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Store Employee Compliance And COVID-19 Fatigue

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Although the number of new cases of COVID-19 in the United States seem to be coming down from their July heights, the country still is dueling it out with Brazil for the highest per capita new case count every day. Local governments in many communities, including Miami, where I live, have mandated mask wearing, and many retailers have mandated that shoppers must wear masks in their stores around the US. One assumes that mandate extends to employees.

Imagine my surprise when I went to the drive up window of my local pharmacy (I’m not going to name the name, for reasons that will become clear shortly), to pick up a prescription and the pharmacy tech who waited on me had her mask on below her nose. I asked her to please put it on correctly, but she did not do so until she had already picked up my prescriptions, put them in a bag, and passed them out to me. She stuck her head into the slot where meds typically go because she had a question to ask me, even though there’s also a phone for that purpose. I was wearing my mask. Hers just covered her mouth. This chain and its main competitor (the chain drug industry is really becoming a duopoly) had mandated mask wearing for customers by July 21 of this year. One would assume that extends to employees as well.

Honestly, I was gob smacked. When I got home, I wrote a Facebook post saying pretty much what I said above. The responses stunned me.

  • One friend reported the same from the “other” major national drug chain
  • Another friend said “I have seen this, many times”
  • Another: “I see that every day. Drives me nuts”
  • The simplest: “same, same”

There were more, but you get the idea. Fifty-seven comments, all saying essentially the same thing. Not all chain drug stores, but all were talking about retailers. At least six were pharmacy related.

This begs the question: what can retailers do to ensure compliance to standards? It’s very clear that a certain amount of “COVID-19 fatigue” has set in. It’s bloody hot down here. The heat index today is expected to be 110. That’s hot, even for late August/early September. Working in a mask is a drag. No doubt about it. But, you know, it’s part of the job. I hate wearing the things myself. But I like the idea of dying even less.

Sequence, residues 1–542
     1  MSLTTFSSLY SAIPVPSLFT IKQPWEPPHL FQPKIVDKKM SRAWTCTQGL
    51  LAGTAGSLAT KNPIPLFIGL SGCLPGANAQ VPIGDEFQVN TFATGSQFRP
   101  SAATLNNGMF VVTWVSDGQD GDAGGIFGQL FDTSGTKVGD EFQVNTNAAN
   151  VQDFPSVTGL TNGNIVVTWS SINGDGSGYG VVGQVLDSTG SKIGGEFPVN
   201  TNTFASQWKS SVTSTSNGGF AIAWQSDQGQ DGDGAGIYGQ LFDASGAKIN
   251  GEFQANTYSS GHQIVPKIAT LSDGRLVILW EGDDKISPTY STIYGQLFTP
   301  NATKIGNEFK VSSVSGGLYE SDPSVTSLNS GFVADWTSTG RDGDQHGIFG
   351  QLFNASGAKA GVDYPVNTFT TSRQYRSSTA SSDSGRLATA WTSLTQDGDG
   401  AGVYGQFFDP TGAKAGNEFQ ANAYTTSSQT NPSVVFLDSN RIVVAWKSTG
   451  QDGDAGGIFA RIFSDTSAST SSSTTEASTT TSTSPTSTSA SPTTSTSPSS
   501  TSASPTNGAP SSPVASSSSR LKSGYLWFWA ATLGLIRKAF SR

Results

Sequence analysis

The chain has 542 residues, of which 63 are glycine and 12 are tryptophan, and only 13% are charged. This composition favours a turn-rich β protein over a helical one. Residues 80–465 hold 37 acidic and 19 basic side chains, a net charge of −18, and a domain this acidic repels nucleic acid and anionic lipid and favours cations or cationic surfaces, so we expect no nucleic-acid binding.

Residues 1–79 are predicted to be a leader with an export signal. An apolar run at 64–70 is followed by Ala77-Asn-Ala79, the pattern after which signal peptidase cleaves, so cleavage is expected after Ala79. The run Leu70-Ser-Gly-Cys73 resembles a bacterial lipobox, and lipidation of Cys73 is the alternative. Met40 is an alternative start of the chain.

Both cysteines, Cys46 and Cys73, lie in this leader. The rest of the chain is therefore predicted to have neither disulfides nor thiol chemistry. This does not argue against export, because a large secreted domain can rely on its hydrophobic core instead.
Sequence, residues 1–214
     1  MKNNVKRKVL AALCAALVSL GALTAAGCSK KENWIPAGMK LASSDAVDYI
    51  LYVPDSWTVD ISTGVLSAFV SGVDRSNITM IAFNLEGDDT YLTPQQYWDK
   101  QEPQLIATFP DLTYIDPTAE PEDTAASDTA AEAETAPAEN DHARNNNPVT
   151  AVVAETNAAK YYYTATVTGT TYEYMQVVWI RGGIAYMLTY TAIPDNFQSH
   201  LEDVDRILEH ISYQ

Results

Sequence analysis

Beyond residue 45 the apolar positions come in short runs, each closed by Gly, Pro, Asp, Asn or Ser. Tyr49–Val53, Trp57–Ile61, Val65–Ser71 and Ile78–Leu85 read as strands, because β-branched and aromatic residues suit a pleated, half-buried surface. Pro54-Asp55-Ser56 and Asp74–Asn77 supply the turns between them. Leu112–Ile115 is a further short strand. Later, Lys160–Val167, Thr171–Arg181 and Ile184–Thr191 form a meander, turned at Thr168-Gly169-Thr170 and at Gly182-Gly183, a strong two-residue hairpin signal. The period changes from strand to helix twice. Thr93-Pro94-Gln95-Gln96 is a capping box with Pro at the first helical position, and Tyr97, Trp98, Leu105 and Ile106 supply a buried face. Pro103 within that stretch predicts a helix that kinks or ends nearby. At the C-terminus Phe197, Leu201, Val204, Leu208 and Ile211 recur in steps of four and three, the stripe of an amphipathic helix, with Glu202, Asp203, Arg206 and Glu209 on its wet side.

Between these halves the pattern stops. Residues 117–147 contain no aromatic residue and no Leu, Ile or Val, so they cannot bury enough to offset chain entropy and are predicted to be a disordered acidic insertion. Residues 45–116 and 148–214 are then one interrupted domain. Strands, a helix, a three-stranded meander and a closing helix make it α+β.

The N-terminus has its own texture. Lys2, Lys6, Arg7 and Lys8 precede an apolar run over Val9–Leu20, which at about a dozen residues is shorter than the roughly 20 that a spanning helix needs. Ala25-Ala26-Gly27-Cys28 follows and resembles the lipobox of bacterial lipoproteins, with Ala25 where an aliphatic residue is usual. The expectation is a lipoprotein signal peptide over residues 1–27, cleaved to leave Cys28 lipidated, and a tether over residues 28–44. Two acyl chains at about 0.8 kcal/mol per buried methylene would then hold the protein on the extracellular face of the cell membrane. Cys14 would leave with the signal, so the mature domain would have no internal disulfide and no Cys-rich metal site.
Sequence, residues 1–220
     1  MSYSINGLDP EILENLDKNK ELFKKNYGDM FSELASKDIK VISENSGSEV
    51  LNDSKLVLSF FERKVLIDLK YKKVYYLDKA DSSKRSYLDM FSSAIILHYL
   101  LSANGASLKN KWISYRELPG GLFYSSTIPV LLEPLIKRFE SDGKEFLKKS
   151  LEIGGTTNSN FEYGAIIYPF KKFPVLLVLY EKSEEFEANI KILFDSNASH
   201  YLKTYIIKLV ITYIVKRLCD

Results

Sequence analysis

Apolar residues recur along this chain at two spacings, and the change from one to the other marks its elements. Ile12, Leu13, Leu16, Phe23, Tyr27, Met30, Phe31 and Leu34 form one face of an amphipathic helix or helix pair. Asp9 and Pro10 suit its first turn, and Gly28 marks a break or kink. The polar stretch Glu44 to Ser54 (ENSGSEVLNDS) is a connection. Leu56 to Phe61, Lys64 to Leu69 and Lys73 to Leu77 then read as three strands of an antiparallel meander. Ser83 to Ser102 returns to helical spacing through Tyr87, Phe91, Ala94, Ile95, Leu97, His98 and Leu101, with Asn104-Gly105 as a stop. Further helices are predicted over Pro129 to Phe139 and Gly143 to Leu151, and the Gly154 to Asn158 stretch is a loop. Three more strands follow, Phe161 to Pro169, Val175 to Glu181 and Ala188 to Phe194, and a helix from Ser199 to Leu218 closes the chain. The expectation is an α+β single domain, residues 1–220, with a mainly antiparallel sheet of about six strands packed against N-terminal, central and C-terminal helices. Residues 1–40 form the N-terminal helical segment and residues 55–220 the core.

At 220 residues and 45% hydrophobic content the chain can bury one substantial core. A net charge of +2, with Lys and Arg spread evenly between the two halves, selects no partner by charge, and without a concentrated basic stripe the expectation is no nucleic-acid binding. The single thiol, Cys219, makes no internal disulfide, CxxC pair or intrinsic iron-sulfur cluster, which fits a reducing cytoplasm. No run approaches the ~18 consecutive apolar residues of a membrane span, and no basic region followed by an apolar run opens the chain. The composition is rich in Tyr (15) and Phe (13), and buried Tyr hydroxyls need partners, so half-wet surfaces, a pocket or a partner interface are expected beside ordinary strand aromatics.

The “major competitor” I discussed seems to be playing “see no evil, hear no evil, speak no evil.” Witness this comment from a friend who lives in Rhode Island:

After I got in there the script wasn’t even done (despite the text I received) I had to wait 10-15 mins mask on while the pharmacy tech had hers below her nose! They sent an email asking for my feedback. They got plenty of feedback from me! All I got in response was a 2-line email from the head pharmacist saying if I wanted to talk, I should call him.

I suppose she could have worked her way up the chain of command to corporate, or the district manager, but that seems sort of silly. And with an elderly mother who really needs her medication, it didn’t behoove my friend to make a bigger stink on the topic.

For myself, I came home, kept my gloves and mask on until I was indoors, and washed my hands profusely. And threw the KN95 mask away.

The question of compliance, and what to do about it is no small thing. The reality is no one really needs to use a chain drugstore anymore. You can get prescriptions filled at grocers, general merchants, warehouse stores and really, pretty much anywhere. Amazon is drooling for the business. The same is true of other types of retailers. I can get it online, or I can get it elsewhere. Mostly, I just shop online.

I did go to another retail store for kayak parts. Everything was good until I got to the checkout stand. There was a lot good there. Plexiglass, to keep the store associate and me apart. The store associate was wearing her mask. But they had not covered the stylus on the credit card machine with plastic. I tried using my own pen, but it wouldn’t work. The associate said, “Oh, it’s clean.” I said, “I don’t care, I’m not touching it.” She went ahead and signed the thing for me (that could get me into the “value” of chip and signature, but I’m not going to go there today.

So, what’s a retailer to do? Some simple steps.

  • Establish standards (no doubt this has been done)
  • Review standards with employees EVERY shift, EVERY day
  • Require managers to sign off that these standards were followed in every area of their store using some form of store task management software
  • Audit. Send in mystery shoppers (you know you do it anyway) to confirm that protocols are being followed
  • Use technology to highlight the best and worst at following standards in your company. That will winnow the number of action items down to a manageable number
  • Reward the best, and yes, punish the worst

I know I’ve said this before, but I won’t stop saying it. Consumers just won’t forget. It’s not for nothing that I always look for alternatives to Amazon now, unless I need the item really quickly. The company’s PTO policies during the lockdown were simply not acceptable. Of course, the company knows it, which is why we saw a spate of employee-featured commercials saying basically, “Oh, I went away, and came back and saw the company is way different now.” You’ll note that Walmart or Target don’t run those commercials. That’s because they’ve walked the walk. They have no amends to make and are still making handsome profits.

Customer loyalty is fragile. And along with COVID fatigue, there’s a fair amount of “breaking the rules” fatigue as well. Just make sure your company is doing the right thing. It could make the difference between long term success and failure.

Newsletter Articles September 1, 2020
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